BLTC Press Titles


available for Kindle at Amazon.com


Tao Te Ching

Lao Tzu, James Legge (trans.)


The Story of Doctor Dolittle

Hugh Lofting


Mortal Coils

Aldous Huxley


Leaves of Grass

Walt Whitman


Garibaldi at home: notes of a visit to Caprera

by Charles Rhoderick McGrigor (sir, bart.)

Excerpt:

VI PREFACE.

way to the Straits of Bonifacio, have made impressions on his mind which he is anxious to preserve in all their original distinctness, uneffaced and even unimpaired by the hand of time; and this desire was the motive which induced him to write a short narrative of his excursion.

The author's journey was not altogether of a private nature. The subscribers in London and its environs for a yacht to the ex-Dictator of Naples deputed him to proceed last winter to Caprera, as the bearer of their request that the noble inhabitant of that island would be pleased to accept their present. To cross the Alps, the Apennines, and the ocean for such a purpose was an agreeable duty to the present writer; and the recollection of that journey will be rendered still more pleasing to him if the following brief narrative should prove acceptable to his readers.

CHAPTER I.

A SUITABLE MARK OF ESTEEM FOR GARIBALDI—DETERMINATION TO PRESENT HIM WITH A YACHT—COMMENCEMENT OF MY JOURNEY TO ITALY —CALAIS TO PARIS BY RAILWAY—THE RUES CASTIGLIONE AND RIVOLI—RAILWAY FROM PARIS TO ST. MICHEL—MA(;ON—LAMARTINE —THE CHARMS OF NATURE—SAVOY—ALPINE SCENERY—THOUGHTS SUGGESTED BY THE SCENES THROUGH WHICH I PASSED—MY COMPANIONS ACROSS THE PASS OF MONT CENIS—THE ARC—SUSA—FROM TURIN TO GENOA—ASTI—GENOA LA SUPERBA—THE CHURCH OF THE ANNUNZIATA—NATURE AND ART—LEGHORN—SECURE- A PASSAGE FOR THE MADDALENA—ON BOARD THE "UMBRIA "—CAPRAJA—AN ITALIAN PROFESSOR—CAPO DELL' ORSO, AND OTHER ISLANDS—THE PROGENITORS OF GARIBALDI—ARRIVAL AT CAPRERA.

CHAPTER I.

TN the year 1864, some of General Garibaldi's innumerable admirers decided on presenting to him a suitable mark of their esteem. Perhaps their chief difficulty consisted in the General's wellknown aversion to receive even the semblance of a reward, or to lie under any personal obligation for the great benefits which he had bestowed on millions. If, therefore, the intended present should be one of magnitude, it would doubtless be refused. Fortunately it was decided to offer him a wellbuilt and fast-sailing yacht of fifty tons. By his acceptance of such a present, the lofty spirit of Garibaldi could suffer no abatement of dignity. By his refusal of it, the feelings of his disinterested admirers would be wounded; and from giving this unnecessary pain, the gentle spirit of Garibaldi would naturally recoil. As to his tastes, they are

4 A PRESENT TO GARIBALDI.

maritime. As to his abode in Caprera, that island is only five miles long and two broad. There are numerous islands in its vicinity, but between Caprera and those islands scarcely any communication exists. In such a place of abode, a vessel must be far more necessary than a carriage would be in many other places. In short, the present was in every way suitable and appropriate. I shared so little in the labour or trouble connected with this present, that I can afford to praise it without the imputation of prejudice or vanity. On me devolved only the pleasing and easy duty of going out to Caprera with two addresses. Certainly my equanimity was destroyed before going, by seeing repeatedly in print the news, as it was called, that Garibaldi had refused the yacht. There was fortunately at Caprera an English Colonel, who held a good position in England, and also a good place in the General's esteem. Therefore, I comforted myself with thinking that the English Colonel would eradicate from the General's mind the effects of all erroneous representations about the yacht. As for the Alps in November and December, the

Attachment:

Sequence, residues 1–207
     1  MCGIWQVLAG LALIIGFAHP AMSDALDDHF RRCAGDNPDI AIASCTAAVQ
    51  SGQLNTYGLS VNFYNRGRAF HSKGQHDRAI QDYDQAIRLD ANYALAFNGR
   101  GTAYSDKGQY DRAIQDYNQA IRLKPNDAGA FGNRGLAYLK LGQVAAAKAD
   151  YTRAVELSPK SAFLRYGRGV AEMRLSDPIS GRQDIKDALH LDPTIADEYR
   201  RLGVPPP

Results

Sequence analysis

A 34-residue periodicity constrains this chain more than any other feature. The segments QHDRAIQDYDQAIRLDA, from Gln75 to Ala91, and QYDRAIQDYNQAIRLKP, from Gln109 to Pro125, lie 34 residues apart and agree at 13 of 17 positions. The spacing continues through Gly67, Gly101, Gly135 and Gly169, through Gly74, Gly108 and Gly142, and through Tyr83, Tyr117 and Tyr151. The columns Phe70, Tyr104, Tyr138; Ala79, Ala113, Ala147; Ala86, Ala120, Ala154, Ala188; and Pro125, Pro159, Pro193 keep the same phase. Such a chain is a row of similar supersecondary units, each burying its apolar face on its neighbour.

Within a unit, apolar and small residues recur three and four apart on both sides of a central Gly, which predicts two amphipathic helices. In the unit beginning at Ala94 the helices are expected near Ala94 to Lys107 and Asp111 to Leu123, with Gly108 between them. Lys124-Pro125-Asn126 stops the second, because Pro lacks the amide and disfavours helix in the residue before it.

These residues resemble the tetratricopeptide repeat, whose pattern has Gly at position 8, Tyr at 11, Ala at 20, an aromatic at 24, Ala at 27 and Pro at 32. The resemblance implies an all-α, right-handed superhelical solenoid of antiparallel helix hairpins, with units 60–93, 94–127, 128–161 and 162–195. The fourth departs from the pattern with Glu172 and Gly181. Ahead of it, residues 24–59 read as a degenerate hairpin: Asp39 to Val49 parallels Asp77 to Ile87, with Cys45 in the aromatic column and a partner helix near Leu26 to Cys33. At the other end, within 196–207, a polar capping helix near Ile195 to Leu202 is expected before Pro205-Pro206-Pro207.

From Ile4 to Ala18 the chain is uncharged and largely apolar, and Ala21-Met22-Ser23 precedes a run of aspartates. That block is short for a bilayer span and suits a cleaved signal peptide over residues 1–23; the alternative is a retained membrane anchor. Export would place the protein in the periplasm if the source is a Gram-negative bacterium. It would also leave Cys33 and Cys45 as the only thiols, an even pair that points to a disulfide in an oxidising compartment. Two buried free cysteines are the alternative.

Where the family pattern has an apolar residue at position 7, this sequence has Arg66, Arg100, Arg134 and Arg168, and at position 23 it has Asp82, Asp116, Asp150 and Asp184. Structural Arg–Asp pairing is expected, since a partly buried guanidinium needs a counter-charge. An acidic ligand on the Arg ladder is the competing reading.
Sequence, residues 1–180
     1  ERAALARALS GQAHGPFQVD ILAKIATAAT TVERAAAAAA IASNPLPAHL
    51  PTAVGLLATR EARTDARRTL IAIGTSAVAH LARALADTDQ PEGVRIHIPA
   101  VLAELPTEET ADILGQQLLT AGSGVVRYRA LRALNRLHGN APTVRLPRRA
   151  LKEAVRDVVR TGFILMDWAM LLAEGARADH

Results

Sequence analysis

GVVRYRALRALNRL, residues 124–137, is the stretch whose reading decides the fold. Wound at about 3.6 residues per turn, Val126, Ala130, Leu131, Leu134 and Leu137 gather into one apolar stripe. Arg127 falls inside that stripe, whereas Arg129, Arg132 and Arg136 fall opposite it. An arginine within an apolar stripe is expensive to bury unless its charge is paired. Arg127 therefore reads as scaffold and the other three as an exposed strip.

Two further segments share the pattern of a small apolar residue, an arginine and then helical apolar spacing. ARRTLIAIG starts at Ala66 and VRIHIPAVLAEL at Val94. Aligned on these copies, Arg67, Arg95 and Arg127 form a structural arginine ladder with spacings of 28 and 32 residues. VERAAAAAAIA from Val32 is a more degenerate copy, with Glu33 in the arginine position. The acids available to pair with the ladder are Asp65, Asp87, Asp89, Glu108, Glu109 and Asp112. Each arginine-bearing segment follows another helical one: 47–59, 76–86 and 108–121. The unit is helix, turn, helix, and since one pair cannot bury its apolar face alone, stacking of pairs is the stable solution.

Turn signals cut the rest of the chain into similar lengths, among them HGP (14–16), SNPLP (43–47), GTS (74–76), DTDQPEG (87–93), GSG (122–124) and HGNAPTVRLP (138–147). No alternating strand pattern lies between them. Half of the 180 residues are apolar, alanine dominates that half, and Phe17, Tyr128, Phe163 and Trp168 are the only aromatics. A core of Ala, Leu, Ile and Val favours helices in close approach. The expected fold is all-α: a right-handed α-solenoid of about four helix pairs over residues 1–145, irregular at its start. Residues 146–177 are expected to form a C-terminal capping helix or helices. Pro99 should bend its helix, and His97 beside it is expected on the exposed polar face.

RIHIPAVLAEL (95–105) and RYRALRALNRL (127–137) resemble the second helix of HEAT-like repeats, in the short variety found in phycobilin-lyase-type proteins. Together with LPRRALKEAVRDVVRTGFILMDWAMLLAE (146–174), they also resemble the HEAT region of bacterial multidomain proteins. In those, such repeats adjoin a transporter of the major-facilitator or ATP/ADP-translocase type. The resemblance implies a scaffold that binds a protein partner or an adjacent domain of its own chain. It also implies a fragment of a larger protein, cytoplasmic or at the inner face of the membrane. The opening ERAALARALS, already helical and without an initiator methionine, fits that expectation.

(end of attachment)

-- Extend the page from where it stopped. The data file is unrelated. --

DEPARTURE FROM LONDON. 5

passage of them would be bracing, invigorating, and altogether delightful. But here, lest it should escape me, let me remark that I have seen far more snow in Italy than in England this winter. Snow was rarely out of my sight after quitting England, and cold indeed were the gusts of wind from the Alps, the Apennines, and the Corsican mountains.


... from the RetroRead library, using Google Book Search, and download any of the books already converted to Kindle format.

Browse the 100 most recent additions to the RetroRead library

Browse the library alphabetically by title

Make books:

Login or register to convert Google epubs to Kindle ebooks

username:

password:

Lost your password?

Not a member yet? Register here, and convert any Google epub you wish


Powerd by Calibre powered by calibre